Please note: on May 15, 2012 BS 25999-2 was replaced by international standard ISO 22301.What is ISO 22301?

BS 25999-2 Basics

A leading business continuity standard

Human resources management

Business impact analysis and risk assessment

Defining the business continuity strategy

Business continuity plan

Maintenance of plans and system; improvement

Documentation

Other related standards

 

A leading business continuity standard

BS 25999-2 is a British standard issued in 2007, which has quickly become the main standard for business continuity management – although it is a British national standard, it is used in many other countries, and it is predicted that it will soon be accepted as an international (ISO 22301) standard.

Just like ISO 27001, ISO 9001, ISO 14001 and other standards that define management systems, BS 25999-2 also defines a business continuity management system which contains the same four management phases: planning, implementing, reviewing and monitoring, and finally improving. The point of these four phases is that the system is continually updated and improved in order to be usable when a disaster occurs.

The following are some of the key procedures and documents required by BS 25999-2:

  • Scope of the BCMS – precise identification of that part of the organisation to which business continuity management is applied
  • BCM policy – defining objectives, responsibilities, etc.
  • Human resource management
  • Business impact analysis and risk assessment
  • Defining business continuity strategy
  • Business continuity plans
  • Maintenance of plans and systems; improvement

Human resources management

The standard states that it is essential to determine the necessary knowledge and skills, to identify the necessary training sessions, to conduct such training sessions, to check whether the required knowledge and skills have been achieved, and that records must be kept.

BS 25999-2 also requires conducting awareness programs, and also communicating the importance of business continuity management to employees.

Business impact analysis and risk assessment

Business impact analysis deals with important activities in an organisation, defines the maximum tolerated period of disruption, the interdependence of individual actions, determines which activities are critical, explores the existing arrangements with suppliers and outsourcing partners, and finally sets the recovery time objective.

Risk assessment is carried out to establish which disasters and other disruptions in business operations may occur, what their consequences are, but also which vulnerabilities and threats can lead to such business disruptions. Based on such assessment, the organisation determines how to reduce the probability of risk, and how it will be mitigated if it should occur.

Defining the business continuity strategy

A strategy refers to defining how an organisation will recover in case of disaster. The strategy is determined on the basis of the results of risk assessment and business impact analysis, and usually involves alternative locations, data recovery options, recovery of human resources, communications, equipment, management of suppliers and outsourcing partners, etc.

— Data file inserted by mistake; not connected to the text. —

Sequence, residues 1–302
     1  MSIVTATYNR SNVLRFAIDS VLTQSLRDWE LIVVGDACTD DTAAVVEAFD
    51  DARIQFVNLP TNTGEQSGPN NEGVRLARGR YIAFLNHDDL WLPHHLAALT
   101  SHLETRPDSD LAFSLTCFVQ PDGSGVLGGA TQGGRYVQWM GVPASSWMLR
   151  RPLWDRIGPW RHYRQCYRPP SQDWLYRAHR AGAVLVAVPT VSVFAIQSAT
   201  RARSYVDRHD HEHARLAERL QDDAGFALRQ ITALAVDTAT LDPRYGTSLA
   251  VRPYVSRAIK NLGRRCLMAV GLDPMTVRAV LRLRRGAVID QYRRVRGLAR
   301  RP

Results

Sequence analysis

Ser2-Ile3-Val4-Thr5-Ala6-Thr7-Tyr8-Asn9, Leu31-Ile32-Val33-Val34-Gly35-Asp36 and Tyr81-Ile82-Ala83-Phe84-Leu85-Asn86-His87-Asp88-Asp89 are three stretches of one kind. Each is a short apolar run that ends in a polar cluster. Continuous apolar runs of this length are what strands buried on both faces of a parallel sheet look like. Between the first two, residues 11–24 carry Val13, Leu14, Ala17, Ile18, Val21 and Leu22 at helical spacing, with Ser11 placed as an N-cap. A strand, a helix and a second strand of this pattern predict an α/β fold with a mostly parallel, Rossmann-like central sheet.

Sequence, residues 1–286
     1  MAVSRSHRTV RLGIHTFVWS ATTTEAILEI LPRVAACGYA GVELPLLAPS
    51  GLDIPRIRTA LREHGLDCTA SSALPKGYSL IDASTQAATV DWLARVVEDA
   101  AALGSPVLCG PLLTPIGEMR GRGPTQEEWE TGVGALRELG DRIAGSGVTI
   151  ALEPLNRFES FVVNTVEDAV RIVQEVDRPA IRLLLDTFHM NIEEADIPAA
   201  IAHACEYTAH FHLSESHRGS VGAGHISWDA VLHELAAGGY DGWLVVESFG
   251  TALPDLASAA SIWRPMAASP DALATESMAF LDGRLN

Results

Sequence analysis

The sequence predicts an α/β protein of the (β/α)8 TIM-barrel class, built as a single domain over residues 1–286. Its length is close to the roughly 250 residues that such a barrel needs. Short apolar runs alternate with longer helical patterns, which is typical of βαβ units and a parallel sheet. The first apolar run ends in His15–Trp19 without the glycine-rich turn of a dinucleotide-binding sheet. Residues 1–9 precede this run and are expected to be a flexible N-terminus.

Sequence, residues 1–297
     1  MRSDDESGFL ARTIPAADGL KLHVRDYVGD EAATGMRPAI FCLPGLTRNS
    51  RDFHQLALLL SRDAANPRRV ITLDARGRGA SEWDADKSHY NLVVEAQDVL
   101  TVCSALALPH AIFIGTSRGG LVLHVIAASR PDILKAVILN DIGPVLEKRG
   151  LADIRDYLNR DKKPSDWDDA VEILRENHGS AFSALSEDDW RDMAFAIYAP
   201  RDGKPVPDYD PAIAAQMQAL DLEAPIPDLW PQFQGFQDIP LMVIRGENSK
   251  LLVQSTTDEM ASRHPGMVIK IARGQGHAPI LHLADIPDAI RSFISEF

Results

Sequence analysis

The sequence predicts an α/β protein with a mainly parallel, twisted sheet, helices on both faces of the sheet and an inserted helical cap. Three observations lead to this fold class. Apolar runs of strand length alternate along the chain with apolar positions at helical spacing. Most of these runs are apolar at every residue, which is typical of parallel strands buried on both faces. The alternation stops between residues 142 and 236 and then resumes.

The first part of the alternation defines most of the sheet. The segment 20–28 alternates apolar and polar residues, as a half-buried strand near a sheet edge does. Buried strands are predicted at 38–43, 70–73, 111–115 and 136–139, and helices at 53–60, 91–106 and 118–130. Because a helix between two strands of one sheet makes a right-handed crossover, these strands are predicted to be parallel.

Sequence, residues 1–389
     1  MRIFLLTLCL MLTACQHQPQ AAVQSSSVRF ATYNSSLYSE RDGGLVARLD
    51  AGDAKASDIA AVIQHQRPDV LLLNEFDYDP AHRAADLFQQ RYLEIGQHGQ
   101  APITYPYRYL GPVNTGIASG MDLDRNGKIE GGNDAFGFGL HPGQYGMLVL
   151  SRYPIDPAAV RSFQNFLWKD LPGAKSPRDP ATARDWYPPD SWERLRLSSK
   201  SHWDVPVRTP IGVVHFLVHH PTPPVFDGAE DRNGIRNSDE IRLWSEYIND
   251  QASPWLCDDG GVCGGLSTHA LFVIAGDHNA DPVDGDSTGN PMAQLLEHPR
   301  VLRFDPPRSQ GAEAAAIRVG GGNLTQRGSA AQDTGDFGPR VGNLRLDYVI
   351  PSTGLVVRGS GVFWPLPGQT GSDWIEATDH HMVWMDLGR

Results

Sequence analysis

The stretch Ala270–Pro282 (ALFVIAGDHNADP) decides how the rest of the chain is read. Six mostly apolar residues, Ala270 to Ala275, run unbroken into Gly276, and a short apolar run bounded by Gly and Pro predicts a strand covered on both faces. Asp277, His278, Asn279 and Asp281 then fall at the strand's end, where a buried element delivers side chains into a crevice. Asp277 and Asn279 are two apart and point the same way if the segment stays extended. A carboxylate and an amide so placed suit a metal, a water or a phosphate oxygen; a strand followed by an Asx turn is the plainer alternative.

Business continuity plan

Business continuity plan include plans for incident response, {activation procedures for business continuity plan}, as well as recovery plans for critical activities – they are all written based on the business continuity strategy.

An incident response plan must specify the manner of determining types of incidents, communication channels, types of response, responsibility, etc.

Recovery plans must specify roles and responsibilities, key steps for recovery, locations, resources to be used and where they are located, priorities, what actions to take when recovery is completed, etc.

Maintenance of plans and system; improvement

The standard stipulates the following:

  • Regular exercising and testing of plans to make staff more familiar with the plans and to check their up-to-datedness
  • Conducting internal audits at regular intervals
  • Management reviews to ensure that the BCMS is functioning and to make appropriate improvements
  • Taking preventive and corrective actions to improve not only plans but also other elements of the system

Documentation

BS 25999-2 requires the following documents:

  • The scope of the BCM
  • The BCM policy
  • Specific responsibilities for the BCM
  • Procedures for managing documents and records, procedures for corrective and preventive actions
  • Methodology for business impact analysis, and results of the analysis
  • Risk assessment methodology
  • Business continuity strategy
  • Business continuity plan which includes the incident response plan(s) and recovery plan(s)
  • Records

The amount of documentation depends on the number of critical activities in an organisation – an organisation with a small number of critical activities will also have a small amount of documentation related to business impact analysis, risk assessment and business continuity plans, while the documentation of larger organisations will be much more extensive.

Other related standards

In addition to BS 25999-2, BS 25999-1 is an “auxiliary” standard which provides more details on how to implement specific parts of BS 25999-2.

Other useful standards are ISO 27001, which places business continuity in a broader context of information security, and ISO 27005 which gives a detailed description of the risk assessment process.